HOUSTON, Dec. 2 (UPI) -- NASA might delay the next U.S. space shuttle launch because of recently discovered cracks in a foam "ramp" on the shuttle's external fuel tank.
The National Aeronautics and Space Administration shuttle program manager, N. Wayne Hale, said in an internal memo the finding might present an "unacceptable safety threat" to the orbiter, the Washington Post reported Friday.
The ramp cracks were discovered last month during an inspection. The vertical cracks in the external tank's "protuberance air load," or PAL, ramp extend deep into the foam insulation and appear to have been caused by contraction and expansion as the tank was being filled with super-cold liquid hydrogen and oxygen, the memo said.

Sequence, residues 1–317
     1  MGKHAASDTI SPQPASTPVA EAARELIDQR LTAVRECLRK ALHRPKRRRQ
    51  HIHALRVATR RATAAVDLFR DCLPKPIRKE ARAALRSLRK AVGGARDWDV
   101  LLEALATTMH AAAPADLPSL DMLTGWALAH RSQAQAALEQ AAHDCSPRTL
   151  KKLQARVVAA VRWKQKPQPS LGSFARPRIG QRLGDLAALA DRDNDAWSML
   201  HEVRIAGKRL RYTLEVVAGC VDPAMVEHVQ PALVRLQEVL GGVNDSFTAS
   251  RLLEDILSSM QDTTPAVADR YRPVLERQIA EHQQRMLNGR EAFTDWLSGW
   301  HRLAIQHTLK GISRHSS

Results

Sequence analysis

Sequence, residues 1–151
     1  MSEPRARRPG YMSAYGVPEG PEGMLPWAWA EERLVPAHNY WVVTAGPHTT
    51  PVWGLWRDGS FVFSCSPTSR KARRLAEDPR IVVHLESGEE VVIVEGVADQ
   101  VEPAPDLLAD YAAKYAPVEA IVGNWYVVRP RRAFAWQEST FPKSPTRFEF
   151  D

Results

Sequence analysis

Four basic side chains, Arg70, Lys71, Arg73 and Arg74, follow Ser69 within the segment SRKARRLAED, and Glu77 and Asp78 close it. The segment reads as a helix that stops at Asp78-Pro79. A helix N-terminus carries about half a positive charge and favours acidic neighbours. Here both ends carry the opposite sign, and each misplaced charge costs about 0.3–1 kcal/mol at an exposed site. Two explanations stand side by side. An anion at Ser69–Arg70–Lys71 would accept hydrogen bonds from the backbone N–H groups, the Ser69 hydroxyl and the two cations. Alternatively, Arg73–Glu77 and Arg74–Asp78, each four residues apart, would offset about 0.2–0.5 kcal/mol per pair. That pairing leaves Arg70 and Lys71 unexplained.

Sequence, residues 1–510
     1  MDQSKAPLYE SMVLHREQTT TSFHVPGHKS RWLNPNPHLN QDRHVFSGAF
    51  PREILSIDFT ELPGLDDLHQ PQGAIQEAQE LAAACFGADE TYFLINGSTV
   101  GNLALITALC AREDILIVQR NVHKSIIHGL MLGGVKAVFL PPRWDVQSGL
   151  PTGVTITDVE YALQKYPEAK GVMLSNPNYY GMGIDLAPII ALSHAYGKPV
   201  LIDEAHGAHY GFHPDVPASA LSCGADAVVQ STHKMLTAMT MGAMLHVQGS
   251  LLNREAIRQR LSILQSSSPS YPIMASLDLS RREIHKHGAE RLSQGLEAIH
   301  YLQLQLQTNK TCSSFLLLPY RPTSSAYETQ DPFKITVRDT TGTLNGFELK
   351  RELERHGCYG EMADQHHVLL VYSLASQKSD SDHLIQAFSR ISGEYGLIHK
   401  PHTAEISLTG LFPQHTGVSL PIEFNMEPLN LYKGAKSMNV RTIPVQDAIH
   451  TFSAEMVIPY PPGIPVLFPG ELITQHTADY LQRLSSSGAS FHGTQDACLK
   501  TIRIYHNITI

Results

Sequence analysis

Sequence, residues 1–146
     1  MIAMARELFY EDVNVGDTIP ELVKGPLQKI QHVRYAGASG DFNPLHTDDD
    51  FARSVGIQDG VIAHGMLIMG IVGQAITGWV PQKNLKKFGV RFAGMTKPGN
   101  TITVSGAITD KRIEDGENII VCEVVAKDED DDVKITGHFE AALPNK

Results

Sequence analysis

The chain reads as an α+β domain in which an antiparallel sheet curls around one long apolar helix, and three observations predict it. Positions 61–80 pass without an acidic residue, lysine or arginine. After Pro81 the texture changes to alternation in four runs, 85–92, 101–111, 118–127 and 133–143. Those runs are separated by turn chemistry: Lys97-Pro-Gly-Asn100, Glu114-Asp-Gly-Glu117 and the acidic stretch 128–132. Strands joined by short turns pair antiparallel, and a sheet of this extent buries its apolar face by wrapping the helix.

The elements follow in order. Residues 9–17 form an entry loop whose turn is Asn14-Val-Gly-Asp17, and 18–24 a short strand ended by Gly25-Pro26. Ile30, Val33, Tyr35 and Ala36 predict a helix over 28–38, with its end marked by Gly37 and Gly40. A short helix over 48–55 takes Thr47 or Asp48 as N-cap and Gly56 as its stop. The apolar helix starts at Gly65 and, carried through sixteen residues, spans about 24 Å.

Because all shuttle fuel tanks undergo such "cryoloading," cracking "must be presumed possible in any PAL ramp on any flight vehicle," Hale wrote.
Hale said the judgments were "preliminary" but it "appears mandatory" that the shuttle team must eliminate the ramp for upcoming shuttle flights, including the May launch.